25 Jan, 19

How to Remove Rust from Your Vehicle

How to Remove Rust in CarsI remembered reading this somewhere, “As long as vehicle body panels are made from steel, they’re going to rust.”

Yikes! Not much optimism there. However, no matter what you do, there will always be a hidden part of your vehicle that could already be rusting, or about to start. Of course, to lower the risk of rust starting, owners could apply a paint protection film over the rust-prone areas, such as the edges of the hood. But mind you, once surface rust begins to develop and is left untreated, you could say bye bye to your car.

How to catch and recognize the signs of surface rust that is just starting to build up:

The first sign of rust forming would be blisters in the vehicles paint. This would indicate there is at least surface rust under the paint.  Cracks, stone chips and scratches in the vehicles paintwork, where the bare metal of the panel becomes visible, will allow the panel to oxidise as it is exposed to the elements and unless treated immediately, rust will form.

Rust is more of a concern for those that live by the coast or in areas where there is a high level of humidity. This is the reason why regular and meticulous inspections of these spots are important.

Rust repair is not impossible to do.  Some owners prefer to do the small fixes themselves but it can be time-consuming. If time is the issue, you can always take your vehicle to your go-to car body and repair centre for the repairs.

First and foremost, you need to get all the required materials:

  • Sandpaper (40-, 600- and 1,000-grit)
  • Sanding block
  • Grease
  • Wax Remover
  • Primer
  • Masking tape
  • Poly sheets- to protect other parts of the vehicle
  • Microfiber cloth
  • Tack rag
  • Polishing compound
  • Touch-up paint (in order to get the perfect colour match, locate and identify your vehicle’s car manufacturer’s paint code. You can find this in places like the engine compartment).
  • Clear coat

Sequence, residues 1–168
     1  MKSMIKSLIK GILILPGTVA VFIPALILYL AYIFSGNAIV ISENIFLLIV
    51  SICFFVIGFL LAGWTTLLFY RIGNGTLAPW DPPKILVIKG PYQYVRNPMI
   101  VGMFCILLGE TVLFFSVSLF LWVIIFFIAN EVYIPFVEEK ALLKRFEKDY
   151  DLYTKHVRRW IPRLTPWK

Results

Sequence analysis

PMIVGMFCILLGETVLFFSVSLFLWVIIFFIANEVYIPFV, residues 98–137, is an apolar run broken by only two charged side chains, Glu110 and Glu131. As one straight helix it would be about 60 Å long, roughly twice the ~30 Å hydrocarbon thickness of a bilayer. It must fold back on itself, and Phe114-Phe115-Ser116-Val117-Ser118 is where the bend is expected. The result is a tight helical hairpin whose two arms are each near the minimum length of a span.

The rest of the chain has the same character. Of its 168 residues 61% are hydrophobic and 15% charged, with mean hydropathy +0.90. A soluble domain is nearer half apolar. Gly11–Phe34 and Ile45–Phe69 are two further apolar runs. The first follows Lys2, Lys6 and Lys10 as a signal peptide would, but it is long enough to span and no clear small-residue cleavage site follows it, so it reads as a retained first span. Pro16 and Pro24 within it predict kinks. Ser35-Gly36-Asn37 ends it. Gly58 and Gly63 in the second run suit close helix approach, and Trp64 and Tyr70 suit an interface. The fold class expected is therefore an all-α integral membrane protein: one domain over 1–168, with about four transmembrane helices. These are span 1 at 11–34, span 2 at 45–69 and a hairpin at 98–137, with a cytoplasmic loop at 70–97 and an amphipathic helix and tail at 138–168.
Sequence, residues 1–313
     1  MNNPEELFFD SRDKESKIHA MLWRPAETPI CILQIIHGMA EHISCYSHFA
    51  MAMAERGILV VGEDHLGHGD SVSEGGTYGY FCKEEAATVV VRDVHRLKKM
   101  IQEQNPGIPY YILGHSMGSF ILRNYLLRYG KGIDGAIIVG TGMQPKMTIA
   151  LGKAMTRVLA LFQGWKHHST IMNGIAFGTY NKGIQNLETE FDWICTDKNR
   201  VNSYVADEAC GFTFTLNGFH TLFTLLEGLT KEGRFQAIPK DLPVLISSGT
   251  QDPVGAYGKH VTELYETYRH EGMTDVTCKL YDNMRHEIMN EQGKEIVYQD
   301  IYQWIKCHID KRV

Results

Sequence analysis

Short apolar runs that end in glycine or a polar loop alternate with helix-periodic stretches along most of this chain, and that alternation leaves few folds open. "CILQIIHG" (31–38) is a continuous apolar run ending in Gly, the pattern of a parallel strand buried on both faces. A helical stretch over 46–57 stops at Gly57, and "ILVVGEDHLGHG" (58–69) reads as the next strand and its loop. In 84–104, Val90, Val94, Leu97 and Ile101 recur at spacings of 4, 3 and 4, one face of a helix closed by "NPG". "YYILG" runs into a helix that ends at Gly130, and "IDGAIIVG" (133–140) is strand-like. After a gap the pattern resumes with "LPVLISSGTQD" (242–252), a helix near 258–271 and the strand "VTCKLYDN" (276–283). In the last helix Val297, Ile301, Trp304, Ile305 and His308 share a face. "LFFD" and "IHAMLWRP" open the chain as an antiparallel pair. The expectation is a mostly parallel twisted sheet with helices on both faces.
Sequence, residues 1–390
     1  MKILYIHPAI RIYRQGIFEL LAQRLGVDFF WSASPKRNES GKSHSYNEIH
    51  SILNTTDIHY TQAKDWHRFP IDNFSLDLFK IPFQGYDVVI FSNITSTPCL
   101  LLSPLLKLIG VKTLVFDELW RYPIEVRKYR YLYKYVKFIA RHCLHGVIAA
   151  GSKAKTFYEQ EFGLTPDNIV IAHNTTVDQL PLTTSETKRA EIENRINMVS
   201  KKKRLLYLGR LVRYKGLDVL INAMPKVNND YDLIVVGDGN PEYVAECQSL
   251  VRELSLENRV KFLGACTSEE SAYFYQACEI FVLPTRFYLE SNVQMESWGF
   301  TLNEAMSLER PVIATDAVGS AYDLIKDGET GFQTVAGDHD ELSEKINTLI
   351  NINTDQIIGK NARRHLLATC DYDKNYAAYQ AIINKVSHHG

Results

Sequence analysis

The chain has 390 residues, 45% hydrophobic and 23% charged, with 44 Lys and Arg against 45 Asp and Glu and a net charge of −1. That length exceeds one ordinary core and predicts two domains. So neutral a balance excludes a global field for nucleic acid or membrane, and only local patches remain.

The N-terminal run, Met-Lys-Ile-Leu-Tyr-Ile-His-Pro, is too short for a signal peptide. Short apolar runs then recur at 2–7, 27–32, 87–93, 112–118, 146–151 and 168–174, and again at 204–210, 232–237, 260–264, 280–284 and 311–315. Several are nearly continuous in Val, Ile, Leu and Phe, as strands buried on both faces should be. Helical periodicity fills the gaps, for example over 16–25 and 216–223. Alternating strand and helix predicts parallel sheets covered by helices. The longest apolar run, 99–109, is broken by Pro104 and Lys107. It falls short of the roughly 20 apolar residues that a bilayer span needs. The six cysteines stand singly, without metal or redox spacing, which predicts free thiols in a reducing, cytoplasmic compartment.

Here is an easy to follow step-by-step guide on how to remove rust:

    1. To protect the other parts of the vehicle from overspray, use the poly sheeting. Ensure you tape the edge of the poly sheeting and you have enough room to blend and touch up.
    2.  Using a scraper, pry off the blistered paint.
    3. Then with a 40 grit sandpaper, sand off the rust spots until the metal is exposed.  Sand a larger surface area, so that you’ll have space to feather the edges.
    4. Now, switch to 120 grit sandpaper and feather the edges of the problematic area.
    5. Finish the feathering using a 220 grit sandpaper.
    6. Using the tack rag, remove the specks from the non-sanded area.
    7. Then to clean the area, use water and dishwashing solution and then rinse with clean water.
    8. Apply the paint manufacturer’s prep solvent.
    9. If the rust has created holes and has made the metal uneven, fill them with body filler. Make sure the epoxy primer is dry before adding the filler primer.  The self-etching epoxy primer provides a strong bind to bare metal. Spray 2-3 medium coats, allowing 15 minutes in between coats to ensure each coat has settled.
    10. Spray several coats of filler primer in order to make sure the entire repair area is covered. Blend well and wait for an hour.
    11. When the epoxy is dry, sand the area using wet 1,000-grit sandpaper.
    12. Then, wash with clean water and let the area dry.
    13. Wipe clean using a lint-free cloth and apply 3 heavier coats of lacquer filler primer. Let the lacquer primer dry in between coats.
    14. Sand the area again using 320-grit sandpaper.
    15. Let’s prepare to spray the coloured base coat.  Hold the spray can at about 12 inches away from the surface and using a left-to-right motion, spray the base coat. Make sure each pass overlaps by ⅓.  Build the colour slowly into the repair area and allow 10-15 minutes between coats. Once the area is done well, let it dry for at least 60 minutes.
    16.  In case the area appears uneven after drying, sand the area lightly once again and repeat step 15.
    17. Once the area is dry again, clean the painted area with a tack rag, then apply the first layer of clearcoat. Gradually spray onto the repaired area to achieve a smooth line.
    18. Let the clearcoat dry for at least 48 hours before buffing.
    19. With a microfiber cloth, and buffing compound, hand-buff the repaired area.  Avoid using a polishing machine for this step.You should wait at least 30 days before waxing.

This DIY version is not for the faint-hearted. The process cannot be rushed and patience is key.  If rust removal is too big of a task for you, book your vehicle in at Bodyteq for a free estimate!


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